322 Tasting Notes
Oolong is a tricky category for anyone who is trying to figure tea out on their own without expert help. Everything from floral varieties treated with osmanthus fragrance to nearly green to nearly black teas get labeled “oolong”. A person could try a half dozen “oolong” teas and conclude they simply do not care for the entire category without even beginning to scratch the surface of what is available in this huge spectrum.
My favorites, personally, are those such as TG’s “superior choice”, “superior taifu” and “Ming Xiang” which are roasted to produce woody, nutty, heady notes both in the dry leaf, and the cup. If I want a tea with green notes, I’ll drink green tea. If I want a cup with astringent, dry flavors, I’ll drink black tea. I drink oolong for those flavors you cannot get from any other leaf.
This particular tea, the “superior choice” grade, is simply brilliant. Deep, rich, woody, nutty, highly fragrant, but not brooding, muddy or acidic. Steep it twice, three times, even four if you’re truly frugal. But beware! Even though you can repeatedly steep this leaf, if you over steep at any point, you will get bitter, bitter, acidic, tannins and nastiness. Which isn’t a complaint, most all teas suffer from over steeping. This oolong just happens to be particularly unforgiving. So use a timer, and be prompt. With truly boiling water, 3 minutes is enough, adding 45 seconds or so with each subsequent steeping. If you’re stuck with 180 degree water from a bubbler or the hot tap on a coffee maker, you should def. steep longer and may need to experiment to find the right balance. But if you enjoy teas like this and cannot boil a proper kettle, consider picking up a small electric kettle and hiding it at your desk. Teas like this one really need water as hot as you can get it.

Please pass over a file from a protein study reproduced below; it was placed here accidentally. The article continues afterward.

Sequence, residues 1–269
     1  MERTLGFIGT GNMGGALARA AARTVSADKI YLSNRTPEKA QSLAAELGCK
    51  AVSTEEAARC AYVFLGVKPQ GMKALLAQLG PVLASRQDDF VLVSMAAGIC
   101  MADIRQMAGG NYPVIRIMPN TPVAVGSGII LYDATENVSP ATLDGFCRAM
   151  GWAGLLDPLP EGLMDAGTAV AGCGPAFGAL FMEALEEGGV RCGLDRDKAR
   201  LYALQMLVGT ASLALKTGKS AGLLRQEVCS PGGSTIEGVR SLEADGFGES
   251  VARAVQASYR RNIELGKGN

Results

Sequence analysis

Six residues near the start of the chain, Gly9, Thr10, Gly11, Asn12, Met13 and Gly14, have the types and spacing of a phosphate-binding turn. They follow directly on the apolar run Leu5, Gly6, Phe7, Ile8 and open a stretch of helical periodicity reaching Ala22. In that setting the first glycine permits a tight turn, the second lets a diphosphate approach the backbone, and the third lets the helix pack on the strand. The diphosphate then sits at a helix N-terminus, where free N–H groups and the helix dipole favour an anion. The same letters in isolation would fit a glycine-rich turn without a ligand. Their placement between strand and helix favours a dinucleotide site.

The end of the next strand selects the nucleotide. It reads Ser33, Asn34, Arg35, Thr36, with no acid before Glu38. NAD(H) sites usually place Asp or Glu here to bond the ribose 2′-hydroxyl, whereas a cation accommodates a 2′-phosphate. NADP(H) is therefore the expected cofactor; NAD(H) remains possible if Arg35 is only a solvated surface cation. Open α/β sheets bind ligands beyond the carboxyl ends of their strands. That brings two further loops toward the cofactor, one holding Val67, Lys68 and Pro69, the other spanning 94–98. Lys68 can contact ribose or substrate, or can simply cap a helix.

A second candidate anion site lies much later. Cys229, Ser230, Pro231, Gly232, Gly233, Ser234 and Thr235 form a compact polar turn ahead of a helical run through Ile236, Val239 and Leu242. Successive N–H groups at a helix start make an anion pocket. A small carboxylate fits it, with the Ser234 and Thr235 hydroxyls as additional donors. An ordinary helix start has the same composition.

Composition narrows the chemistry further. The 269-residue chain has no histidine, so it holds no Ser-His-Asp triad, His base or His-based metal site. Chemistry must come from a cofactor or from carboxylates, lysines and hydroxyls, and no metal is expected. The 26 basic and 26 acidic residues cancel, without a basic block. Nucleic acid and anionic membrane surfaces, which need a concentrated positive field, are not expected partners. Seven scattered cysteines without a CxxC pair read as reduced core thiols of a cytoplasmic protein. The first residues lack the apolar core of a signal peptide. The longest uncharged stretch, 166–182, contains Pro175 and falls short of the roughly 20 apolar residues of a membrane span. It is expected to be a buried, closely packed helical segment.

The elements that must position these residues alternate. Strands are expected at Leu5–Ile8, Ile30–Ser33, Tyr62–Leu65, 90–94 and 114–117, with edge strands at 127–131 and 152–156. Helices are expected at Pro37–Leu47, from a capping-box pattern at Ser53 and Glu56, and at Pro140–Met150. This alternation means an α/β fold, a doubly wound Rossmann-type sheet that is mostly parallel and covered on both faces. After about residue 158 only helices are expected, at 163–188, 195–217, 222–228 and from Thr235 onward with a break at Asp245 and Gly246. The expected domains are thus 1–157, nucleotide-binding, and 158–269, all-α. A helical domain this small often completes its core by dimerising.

This is my everyday, all day tea on week days when I am working. You basically cannot over steep this tea, and the resulting brew even from a single tablespoon of leaf is so strong that you can stretch it with hot water for several hours. I set up a pot each morning and enjoy it all day long. For me, this tea is as ubiquitous as most people’s daily coffee, but lacks the harsh bitterness, acerbic notes and cloying aroma that can fill even a large space with an overwhelming odor. Pu-erh is a tea no one will know you are drinking except your dentist (stains the teeth pretty badly, unfortunately).
This particular pu-erh is very, very smooth without being flat or boring. As I said, I’ve had this nearly every day, all day, for years now, and continue to enjoy drinking it each and every day. You’d pay about as much for a good coffee, but I’m using a single table spoon a day to drink this tea all day. If you took coffee as seriously, you’d be going through a pound a day. Which means at $16 and change for 125 grams, this is an unbelievably cheap tea, per cup considering how good it tastes.
Someday soon, pu-erh will become the new “it” tea for diet fads, health benefits and all the rest. Until that happens, enjoy these cheap, flavorful, mellow, rich teas while you can for pennies a day.